Dr Anne Owen is senior research fellow at the University of Leeds’ Sustainability Research Institute
— In a recent Carbon Brief article, my colleague Prof John Barrett and I revealed that the UK’s carbon footprint is at its lowest level for 20 years, including emissions embedded in imported goods.
However, the reasons for this decline are not well understood. The UK’s footprint is also falling more slowly than its territorial emissions, which is used more often but sometimes contested.
Given the UK’s emissions are falling too slowly to meet its own climate goals against either measure – let alone the aspirational 1.5°C limit of the Paris Agreement – there is a pressing need to better understand the underlying reasons for emissions reductions.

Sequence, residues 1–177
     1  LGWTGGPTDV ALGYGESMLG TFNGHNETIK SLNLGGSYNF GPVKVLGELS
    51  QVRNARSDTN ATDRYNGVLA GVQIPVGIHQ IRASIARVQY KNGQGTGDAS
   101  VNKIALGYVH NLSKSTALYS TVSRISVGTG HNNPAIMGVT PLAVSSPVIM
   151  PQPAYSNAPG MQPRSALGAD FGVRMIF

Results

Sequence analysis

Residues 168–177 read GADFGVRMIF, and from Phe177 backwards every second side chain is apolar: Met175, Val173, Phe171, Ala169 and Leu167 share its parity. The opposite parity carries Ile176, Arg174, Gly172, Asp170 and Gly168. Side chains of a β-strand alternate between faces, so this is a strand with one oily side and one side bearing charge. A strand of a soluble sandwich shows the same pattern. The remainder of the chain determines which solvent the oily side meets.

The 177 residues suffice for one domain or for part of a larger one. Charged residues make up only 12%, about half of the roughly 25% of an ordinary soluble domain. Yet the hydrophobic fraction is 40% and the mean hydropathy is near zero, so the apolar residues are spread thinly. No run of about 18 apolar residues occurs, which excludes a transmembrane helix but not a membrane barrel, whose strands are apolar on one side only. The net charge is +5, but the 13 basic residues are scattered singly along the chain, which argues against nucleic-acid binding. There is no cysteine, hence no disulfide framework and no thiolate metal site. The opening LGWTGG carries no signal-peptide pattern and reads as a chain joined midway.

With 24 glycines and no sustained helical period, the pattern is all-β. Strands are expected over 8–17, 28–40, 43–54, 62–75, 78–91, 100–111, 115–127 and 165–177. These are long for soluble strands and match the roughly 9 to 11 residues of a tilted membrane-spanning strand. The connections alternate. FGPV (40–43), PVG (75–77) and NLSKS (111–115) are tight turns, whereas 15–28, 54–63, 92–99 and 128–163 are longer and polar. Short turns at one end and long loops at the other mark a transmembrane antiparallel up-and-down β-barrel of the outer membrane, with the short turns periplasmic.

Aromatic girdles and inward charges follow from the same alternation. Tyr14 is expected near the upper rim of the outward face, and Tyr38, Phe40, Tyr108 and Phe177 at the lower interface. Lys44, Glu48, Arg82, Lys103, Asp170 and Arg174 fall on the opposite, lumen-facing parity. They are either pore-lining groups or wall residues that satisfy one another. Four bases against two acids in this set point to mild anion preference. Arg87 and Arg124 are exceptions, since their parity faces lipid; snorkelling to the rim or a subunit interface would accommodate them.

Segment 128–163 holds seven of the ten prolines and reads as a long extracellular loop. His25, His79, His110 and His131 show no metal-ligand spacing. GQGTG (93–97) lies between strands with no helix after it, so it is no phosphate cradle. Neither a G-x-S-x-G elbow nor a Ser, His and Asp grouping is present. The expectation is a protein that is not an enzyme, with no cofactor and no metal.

In this new analysis, I explore why the UK’s carbon footprint is decreasing – and what that means for future emissions targets.
Drivers of change
Understanding trends in the UK’s historical carbon footprint is important because it helps untangle the impact of climate policies and other drivers of change. This information can be used to design more effective policies in future and to try to avoid unintended consequences.
There are a number of factors which can contribute to either increasing or decreasing the carbon footprint from the previous year. Six such drivers of change are listed in the table, below.
|1||Population||A change in the UK’s Population|
|2||Total spend||A change in the total expenditures on goods and services per person|
|3||Changed need||Changes in the types of goods bought, for example more services and fewer products|
|4||Imports||Changes in the UK’s reliance on imported goods, for example increasing imports from China|
|5||Production energy efficiency||Changes in the total amount of energy needed to make goods and services|
|6||Carbon intensity of energy||Changes in the CO2 emissions associated with each unit of energy use|